As I said, this is a conjecture, and we must investigate about this issue, for example, using a toy model or something. - The source model in IVA, spherical Laplace, was extended to this ISNMF model resulting in a independent low-rank matrix analysis (ILRMA). So, ILRMA is a unification of IVA and ISNMF, and we employed NMF source model to capture the low-rank time-frequency structures of each source.

This source model can improve the estimation accuracy of the demixing matrix. - 提案手法ILRMAの対数尤度関数はこのように得られます．ここで（クリック）青丸で囲った空間分離フィルタWと，赤丸で囲ったNMF音源モデルTVが求めるべき変数になります．（クリック）

さらにこの式は，（クリック）前半が従来のIVAのコスト関数と等価であり，（クリック）後半が従来のNMFのコスト関数と等価です．（クリック）

したがって，IVAとNMFの反復更新式を交互に反復することで全変数を容易に推定できます．

さらに，音源毎に適切なランク数を潜在変数で適応的に決定することも可能です．

これは，冒頭で示した通り，音楽信号といえどもボーカルはあまり低ランクにならず，ドラム信号は低ランク，といったことが起こりえますので，音源毎の適切なランクが変わります．

そのような状況に対して尤度最大化の基準で自動的に基底を割り振るのがこの潜在変数の役割です． - ILRMAの反復更新式はこのように導出できます．

空間分離フィルタの更新と音源モデルの更新を交互に行うことで，全変数が最適化されます．

これらの反復計算で尤度が単調増加することが保証されているので，初期値近傍の局所解への収束が保証されています． - 音楽信号の分離実験を行いました．こちらは実験条件です．二つの音楽信号をこのような配置で鳴らし，2チャンネルのマイクで録音しました．このときの残響時間は300msです．

評価値はSDRという値を用いています．これは音質と分離度合いを含む総合的な性能を示す尺度です． - As I already explained, the window length in STFT affects the performance of ICA-based separation.

If we use short window, x=As does not hold anymore, and if we use long window, the estimation becomes unstable because the number of time frames J decreases.

However, ILRMA employs full time-frequency modeling of sources. This model may improve the robustness to a decrease in J. This is our expectation.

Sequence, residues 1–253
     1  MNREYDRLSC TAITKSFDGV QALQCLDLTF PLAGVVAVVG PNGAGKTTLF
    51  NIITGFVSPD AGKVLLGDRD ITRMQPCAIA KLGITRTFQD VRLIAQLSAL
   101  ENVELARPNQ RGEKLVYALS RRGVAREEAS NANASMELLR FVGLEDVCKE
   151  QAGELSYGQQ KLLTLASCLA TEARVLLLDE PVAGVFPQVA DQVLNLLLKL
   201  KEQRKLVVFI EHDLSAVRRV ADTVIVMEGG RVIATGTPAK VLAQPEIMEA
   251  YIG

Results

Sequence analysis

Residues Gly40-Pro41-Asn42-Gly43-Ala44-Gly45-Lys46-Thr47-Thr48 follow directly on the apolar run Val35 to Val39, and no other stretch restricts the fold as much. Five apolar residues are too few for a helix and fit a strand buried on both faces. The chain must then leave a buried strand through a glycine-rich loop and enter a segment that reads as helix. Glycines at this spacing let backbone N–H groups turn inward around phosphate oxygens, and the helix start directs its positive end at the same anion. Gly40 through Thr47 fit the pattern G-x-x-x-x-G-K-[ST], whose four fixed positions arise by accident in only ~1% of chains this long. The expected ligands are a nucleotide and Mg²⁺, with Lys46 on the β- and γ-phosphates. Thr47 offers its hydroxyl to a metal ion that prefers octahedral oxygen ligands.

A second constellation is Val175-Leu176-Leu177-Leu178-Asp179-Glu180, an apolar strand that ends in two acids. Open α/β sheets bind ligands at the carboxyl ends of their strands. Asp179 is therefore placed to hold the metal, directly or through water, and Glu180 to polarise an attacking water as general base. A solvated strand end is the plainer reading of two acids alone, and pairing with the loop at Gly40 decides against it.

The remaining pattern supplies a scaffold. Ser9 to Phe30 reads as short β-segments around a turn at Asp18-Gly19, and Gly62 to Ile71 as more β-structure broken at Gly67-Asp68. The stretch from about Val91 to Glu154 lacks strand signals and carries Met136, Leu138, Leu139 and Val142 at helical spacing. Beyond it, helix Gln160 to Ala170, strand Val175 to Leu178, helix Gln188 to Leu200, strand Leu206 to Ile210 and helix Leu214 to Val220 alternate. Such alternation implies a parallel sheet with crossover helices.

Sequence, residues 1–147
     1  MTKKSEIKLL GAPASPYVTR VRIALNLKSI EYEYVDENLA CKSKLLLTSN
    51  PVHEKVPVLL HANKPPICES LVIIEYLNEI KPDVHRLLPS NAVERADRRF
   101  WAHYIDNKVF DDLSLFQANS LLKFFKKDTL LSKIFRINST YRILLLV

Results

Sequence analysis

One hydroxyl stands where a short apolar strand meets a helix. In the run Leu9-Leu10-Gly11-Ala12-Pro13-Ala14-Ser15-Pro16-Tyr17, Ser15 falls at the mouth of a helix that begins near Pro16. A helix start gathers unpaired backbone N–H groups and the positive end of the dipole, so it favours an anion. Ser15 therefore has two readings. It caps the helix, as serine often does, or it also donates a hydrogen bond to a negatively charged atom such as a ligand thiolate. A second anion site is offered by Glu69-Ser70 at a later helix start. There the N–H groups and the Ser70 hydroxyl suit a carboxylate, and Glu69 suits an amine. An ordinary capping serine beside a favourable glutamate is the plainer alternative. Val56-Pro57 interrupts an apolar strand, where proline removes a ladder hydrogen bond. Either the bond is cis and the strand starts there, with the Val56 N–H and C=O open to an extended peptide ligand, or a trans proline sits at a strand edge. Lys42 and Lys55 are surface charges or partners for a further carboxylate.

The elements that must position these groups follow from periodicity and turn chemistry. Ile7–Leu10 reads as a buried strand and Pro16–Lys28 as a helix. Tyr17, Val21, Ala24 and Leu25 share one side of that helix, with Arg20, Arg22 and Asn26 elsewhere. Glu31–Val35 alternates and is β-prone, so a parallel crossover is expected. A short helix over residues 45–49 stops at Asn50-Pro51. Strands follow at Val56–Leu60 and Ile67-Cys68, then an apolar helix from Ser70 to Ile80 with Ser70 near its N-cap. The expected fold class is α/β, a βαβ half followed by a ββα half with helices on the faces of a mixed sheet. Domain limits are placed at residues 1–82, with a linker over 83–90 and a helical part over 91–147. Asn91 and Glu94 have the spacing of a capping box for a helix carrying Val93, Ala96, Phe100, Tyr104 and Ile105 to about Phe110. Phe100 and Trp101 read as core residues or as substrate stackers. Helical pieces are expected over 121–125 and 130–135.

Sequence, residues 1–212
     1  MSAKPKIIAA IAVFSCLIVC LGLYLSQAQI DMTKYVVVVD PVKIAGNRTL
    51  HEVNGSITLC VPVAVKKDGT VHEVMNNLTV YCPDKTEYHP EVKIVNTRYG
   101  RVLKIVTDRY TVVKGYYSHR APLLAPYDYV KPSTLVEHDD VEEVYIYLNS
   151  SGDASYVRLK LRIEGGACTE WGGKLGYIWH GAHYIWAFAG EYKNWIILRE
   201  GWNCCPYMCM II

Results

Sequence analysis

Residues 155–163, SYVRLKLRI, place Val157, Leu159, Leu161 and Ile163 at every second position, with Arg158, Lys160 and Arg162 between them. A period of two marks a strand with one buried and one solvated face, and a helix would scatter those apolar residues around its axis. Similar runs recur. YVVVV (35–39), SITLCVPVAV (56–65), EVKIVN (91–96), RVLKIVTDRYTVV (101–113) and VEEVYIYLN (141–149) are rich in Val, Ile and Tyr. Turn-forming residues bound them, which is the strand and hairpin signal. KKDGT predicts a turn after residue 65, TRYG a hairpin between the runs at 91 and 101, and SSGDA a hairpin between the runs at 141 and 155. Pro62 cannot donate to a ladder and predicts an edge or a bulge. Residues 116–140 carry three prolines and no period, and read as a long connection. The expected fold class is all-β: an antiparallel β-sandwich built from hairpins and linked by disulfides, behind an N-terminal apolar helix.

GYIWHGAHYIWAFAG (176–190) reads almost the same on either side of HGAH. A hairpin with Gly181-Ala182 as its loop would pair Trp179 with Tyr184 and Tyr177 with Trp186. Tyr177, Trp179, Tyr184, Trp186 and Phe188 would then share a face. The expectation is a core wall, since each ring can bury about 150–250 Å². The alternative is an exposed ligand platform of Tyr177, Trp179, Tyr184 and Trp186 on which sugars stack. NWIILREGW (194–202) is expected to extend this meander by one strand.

Let’s check about this issue. - Here we used 4 music and 4 speech signals obtained from SiSEC database, and we produced the observed signal by convolutiong the impulse response shown in the bottom.

We used two types of impulse response, one has 300-ms-long reverberation, and the other one is 470 ms. - We compare 4 methods, FDICA + ideal permutation solver, FDICA + DOA-based permutation solver, IVA, and ILRMA.

In FDICA+IPS we used the reference, oracle source spectrogram. So this is an upper limit of FDICA.

FDICA+DOA is a blind method that uses DOA clustering for solving the permutation problem.

Of cause IVA and ILRMA are also blind method.

Then, we used Hamming window with various window lengths. - First, we show the results with ideal initialization. Namely, we first give a correct answer of demixing matrix using the oracle source. So, the initial value provides the best separation performance here.